Hema Majeno, PA-C

As a PA in a rural area, Hema works with many undocumented immigrants and especially women to build relationships so they trust her to provide necessary healthcare and wellness counseling.

EMPLOYER:

Adventist Health Community Care in Parlier, California

NCCPA CERTIFICATION:

Certified physician assistant (PA-C)

Hema’s blog (below) was previously published in Physicians Practice.

© Physicians Practice 2016

Physician's Quote

“I have worked with Hema for almost three years at Adventist Health Community Care in Parlier, California. She is a very bright, knowledgeable and experienced physician assistant who has a great deal of responsibility in managing a wide diversity of patients from newborns to geriatric patients with multiple medical problems. I am very impressed by her compassion for our patients, her integrity and professionalism. She is a highly committed individual with a good sense of clinical judgment and priorities.” --Rogelio Fernandez, M.D.

PAs Providing Women's Health: More than OB/GYN

By Hema Majeno, PA-C

Having emigrated from India in 2003, I have always been interested in the healthcare of women in rural areas. Today, I am fortunate to work as a certified PA in a family medicine practice, which provides care to many women in the San Joaquin Valley of California.

Women PAs can help to meet the needs of women in rural areas by providing access to needed health programs and services, and offering the opportunity to be seen by a female provider. I think this also increases patient satisfaction as women may be more candid with another woman.

Many of my patients are undocumented farm workers, who are dealing with language and cultural barriers as well as raising their children and trying to keep them in school. While the demographic base of my practice may be different than yours, by and large women's health needs are universal. It is important to treat the whole woman, not just today's problem. This includes not only preventative physical exams, but also screening for mental health.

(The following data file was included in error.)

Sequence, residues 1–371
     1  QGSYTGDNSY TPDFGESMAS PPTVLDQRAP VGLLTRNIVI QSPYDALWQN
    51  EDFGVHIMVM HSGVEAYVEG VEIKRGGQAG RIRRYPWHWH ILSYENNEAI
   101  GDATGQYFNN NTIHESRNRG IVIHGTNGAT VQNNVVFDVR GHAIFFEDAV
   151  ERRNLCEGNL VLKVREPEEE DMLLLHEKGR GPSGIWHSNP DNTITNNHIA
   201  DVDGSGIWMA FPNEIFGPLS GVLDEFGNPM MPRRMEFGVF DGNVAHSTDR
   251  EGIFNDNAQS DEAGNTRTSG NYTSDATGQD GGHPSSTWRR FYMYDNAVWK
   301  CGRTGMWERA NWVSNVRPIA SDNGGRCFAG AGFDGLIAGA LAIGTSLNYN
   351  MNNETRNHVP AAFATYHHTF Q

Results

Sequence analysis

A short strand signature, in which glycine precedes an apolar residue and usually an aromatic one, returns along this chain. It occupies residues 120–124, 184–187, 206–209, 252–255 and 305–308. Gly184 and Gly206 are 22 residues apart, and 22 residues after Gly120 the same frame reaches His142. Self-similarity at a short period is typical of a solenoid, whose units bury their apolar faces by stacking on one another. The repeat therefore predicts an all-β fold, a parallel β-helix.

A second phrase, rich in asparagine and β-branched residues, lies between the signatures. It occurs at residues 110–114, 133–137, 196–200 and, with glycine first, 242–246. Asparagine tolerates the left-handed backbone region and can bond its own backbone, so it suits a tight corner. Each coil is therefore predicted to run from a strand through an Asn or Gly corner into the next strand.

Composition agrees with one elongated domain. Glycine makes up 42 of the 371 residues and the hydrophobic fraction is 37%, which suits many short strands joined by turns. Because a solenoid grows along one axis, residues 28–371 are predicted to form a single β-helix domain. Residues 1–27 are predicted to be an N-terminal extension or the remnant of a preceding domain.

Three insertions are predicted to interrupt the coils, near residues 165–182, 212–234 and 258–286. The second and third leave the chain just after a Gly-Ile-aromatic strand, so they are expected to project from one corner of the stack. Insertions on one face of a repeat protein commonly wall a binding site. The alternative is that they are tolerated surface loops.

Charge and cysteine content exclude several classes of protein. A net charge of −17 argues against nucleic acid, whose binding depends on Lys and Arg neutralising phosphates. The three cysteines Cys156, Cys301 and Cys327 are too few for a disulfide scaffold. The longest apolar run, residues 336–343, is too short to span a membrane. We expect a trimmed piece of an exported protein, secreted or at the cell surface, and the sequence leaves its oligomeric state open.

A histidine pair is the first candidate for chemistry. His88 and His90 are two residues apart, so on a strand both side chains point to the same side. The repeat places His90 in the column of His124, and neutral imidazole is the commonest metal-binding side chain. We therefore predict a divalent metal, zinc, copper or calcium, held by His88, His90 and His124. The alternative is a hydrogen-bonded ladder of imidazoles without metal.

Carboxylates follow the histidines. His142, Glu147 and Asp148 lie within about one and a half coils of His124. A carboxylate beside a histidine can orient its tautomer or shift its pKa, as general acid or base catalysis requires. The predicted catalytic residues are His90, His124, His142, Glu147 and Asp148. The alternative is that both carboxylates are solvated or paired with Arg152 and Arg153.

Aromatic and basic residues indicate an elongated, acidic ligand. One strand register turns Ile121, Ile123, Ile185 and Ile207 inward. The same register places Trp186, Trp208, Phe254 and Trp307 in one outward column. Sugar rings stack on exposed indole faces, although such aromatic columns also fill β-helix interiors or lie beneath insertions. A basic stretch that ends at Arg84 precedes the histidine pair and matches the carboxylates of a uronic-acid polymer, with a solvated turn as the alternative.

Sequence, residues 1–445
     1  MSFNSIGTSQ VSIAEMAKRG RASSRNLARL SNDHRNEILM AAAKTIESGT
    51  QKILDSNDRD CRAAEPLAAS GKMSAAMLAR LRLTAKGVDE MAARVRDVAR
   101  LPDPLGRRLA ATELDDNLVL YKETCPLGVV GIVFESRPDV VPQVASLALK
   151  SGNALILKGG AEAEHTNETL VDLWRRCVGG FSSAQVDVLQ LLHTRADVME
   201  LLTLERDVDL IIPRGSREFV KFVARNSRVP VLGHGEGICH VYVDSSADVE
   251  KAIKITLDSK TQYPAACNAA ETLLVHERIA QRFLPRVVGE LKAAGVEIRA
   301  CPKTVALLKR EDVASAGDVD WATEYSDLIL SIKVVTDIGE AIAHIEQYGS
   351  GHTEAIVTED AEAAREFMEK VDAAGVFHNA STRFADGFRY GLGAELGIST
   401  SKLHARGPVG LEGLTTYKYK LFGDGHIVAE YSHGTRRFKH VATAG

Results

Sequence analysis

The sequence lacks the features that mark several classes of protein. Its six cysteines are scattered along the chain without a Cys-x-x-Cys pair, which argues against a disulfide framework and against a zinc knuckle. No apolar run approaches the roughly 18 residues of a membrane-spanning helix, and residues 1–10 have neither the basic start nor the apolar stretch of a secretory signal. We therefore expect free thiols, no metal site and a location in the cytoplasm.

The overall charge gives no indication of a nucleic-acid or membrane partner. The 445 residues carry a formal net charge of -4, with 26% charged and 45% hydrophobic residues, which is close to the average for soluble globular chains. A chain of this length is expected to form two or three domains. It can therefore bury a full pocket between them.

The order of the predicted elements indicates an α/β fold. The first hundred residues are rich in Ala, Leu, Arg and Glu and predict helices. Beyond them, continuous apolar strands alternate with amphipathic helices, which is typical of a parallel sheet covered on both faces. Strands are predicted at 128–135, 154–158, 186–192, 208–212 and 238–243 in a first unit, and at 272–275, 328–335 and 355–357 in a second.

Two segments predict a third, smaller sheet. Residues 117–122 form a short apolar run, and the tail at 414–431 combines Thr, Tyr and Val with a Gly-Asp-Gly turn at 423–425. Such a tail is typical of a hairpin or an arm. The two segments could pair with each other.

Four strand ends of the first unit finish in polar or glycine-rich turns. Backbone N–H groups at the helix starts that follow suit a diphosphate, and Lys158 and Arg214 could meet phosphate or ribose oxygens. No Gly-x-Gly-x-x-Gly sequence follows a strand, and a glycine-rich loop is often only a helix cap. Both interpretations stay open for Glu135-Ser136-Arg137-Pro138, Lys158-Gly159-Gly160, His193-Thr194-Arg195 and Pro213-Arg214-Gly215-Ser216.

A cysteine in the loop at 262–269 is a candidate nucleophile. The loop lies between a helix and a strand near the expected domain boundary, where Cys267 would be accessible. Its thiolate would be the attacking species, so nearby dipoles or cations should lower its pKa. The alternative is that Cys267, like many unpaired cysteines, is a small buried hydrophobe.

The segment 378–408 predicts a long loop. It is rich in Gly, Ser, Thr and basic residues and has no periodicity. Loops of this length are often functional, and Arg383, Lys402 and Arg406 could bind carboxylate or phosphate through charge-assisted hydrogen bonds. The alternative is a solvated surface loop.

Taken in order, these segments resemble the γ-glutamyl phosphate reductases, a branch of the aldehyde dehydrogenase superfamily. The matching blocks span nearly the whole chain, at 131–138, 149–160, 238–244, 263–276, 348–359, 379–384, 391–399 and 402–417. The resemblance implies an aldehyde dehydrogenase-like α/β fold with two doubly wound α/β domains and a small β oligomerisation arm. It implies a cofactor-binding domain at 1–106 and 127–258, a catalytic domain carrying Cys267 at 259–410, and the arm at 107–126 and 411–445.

Most of my patients come to me through word-of-mouth referrals and I usually see 20 patients a day. Typically, a woman will come in because of symptoms, like a cough or cold. While I handle the acute problem, I also use the opportunity to ask if they have had a Pap smear or a mammogram and try to schedule a physical. I want to have more time to do a total assessment: check for cholesterol, diabetes, hypertension, and more. Many of my patients put their families first and have neglected their own health for years. Of the 45 minutes I schedule for an exam, I spend at least 20 of those minutes on preventative education.

However, my goal isn't to just to provide acute care, I want to build relationships so these women will continue to come back for preventative and wellness services. I've found there are four primary reasons patients will schedule follow-up visits:

1. Family planning. Family planning is a big part of my practice. Teenagers and young women tend to be timid, and my priority is to be sensitive and find a personal connection. I smile, make eye contact, and sometimes hold their hand when I speak to them, so that I can gain their confidence. I explain birth control options and discuss STD prevention.

2. Depression and/or anxiety. During routine physicals, I frequently uncover symptoms of depression and anxiety. If patients are mildly depressed, I explain meditation techniques and may prescribe antidepressants and therapy. I have found that, often, even a short course of treatment can bring them back to feeling normal. For more serious issues, I refer to a psychiatrist or a psychologist. I also check to see if they may be in an abusive relationship, and if so, we look for community resources that can assist.

3. Weight loss. Female patients often ask about weight loss. The diet in this rural area seems to be high in fat and carbs. I provide basic nutrition counseling and explain carb and calorie counting. I also prescribe medication in the case of morbid obesity, but then I also refer to a nutritional or diabetes educator. Again, I stress prevention and educate patients about how they can take control of their weight and their health.

4. Menopause. For middle age and older women, I perform breast examinations and Pap smears and order mammograms. I ask about menopausal symptoms such as hot flashes and mood changes. I also educate them about natural alternatives to hormones, which have fewer or no side effects. At this point in their lives, they may have comorbidities that contribute to their symptoms. I help them understand menopause changes and manage any medications they are taking.

My goal is to treat patients the way I want to be treated — as if they were a family member. I'm fortunate to love what I do, and every day I thank my patients for the privilege of providing their care.